He said if the fish caught by Doran in Milwaukee last week was stocked in Green Bay, it would represent one of the longest journeys taken by such fish.
The longest documented journey was a musky netted by Michigan DNR biologists working at Garden Island in northeastern Lake Michigan, a distance of about 150 miles from its stocking site in Green Bay.
Most muskies stocked in Green Bay don't stray. If Doran's musky was indeed a fish stocked in Green Bay, it would be just the fifth such fish caught more than 12 miles from its stocking site, Rowe said.
So the origin of the fish will remain a mystery.
The 48-inch musky was not "just" a fish, of course. It was a heretofore once-in-a-lifetime event in Milwaukee and all of southern Lake Michigan for that matter.
The catch has highlighted at least the presence of musky off our state's largest metropolitan area and reminded us of the success of reintroduction efforts for the fish farther north.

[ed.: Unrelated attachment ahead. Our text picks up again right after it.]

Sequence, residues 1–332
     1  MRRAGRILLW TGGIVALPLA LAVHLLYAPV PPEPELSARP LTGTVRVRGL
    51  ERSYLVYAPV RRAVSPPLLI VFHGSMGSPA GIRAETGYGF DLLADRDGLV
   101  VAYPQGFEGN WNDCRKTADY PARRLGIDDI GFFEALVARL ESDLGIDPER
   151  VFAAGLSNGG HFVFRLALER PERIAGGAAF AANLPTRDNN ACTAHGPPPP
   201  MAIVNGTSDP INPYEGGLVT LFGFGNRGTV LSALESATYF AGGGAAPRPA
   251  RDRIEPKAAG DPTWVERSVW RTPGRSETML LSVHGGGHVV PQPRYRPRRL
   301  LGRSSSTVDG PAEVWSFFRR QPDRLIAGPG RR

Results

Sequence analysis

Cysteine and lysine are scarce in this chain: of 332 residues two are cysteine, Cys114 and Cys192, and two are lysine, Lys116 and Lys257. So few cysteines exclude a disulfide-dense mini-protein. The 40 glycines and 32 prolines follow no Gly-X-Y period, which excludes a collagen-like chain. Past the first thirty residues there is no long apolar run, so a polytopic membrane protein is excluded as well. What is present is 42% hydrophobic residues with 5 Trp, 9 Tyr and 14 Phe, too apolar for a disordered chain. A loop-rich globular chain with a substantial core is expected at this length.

Perhaps it also casts a ray of hope for the troubled Great Lakes, a sign that a native top-predator can live and thrive in additional areas of Lake Michigan.
Though many of us have difficulty with such a grand fish ending up as table fare, the story also is a reminder that not all anglers think alike. The fish was legally taken and legally given away.
If we really want to protect such fish, a change in the regulations would be necessary.
Though the fish is gone, Doran said a reproduction mount may be made of the fish and displayed in an area sporting goods store.
For his part, he'll keep fishing, even if a repeat performance is unlikely.
"It's what I love to do," said Doran. "It's what I know how to do."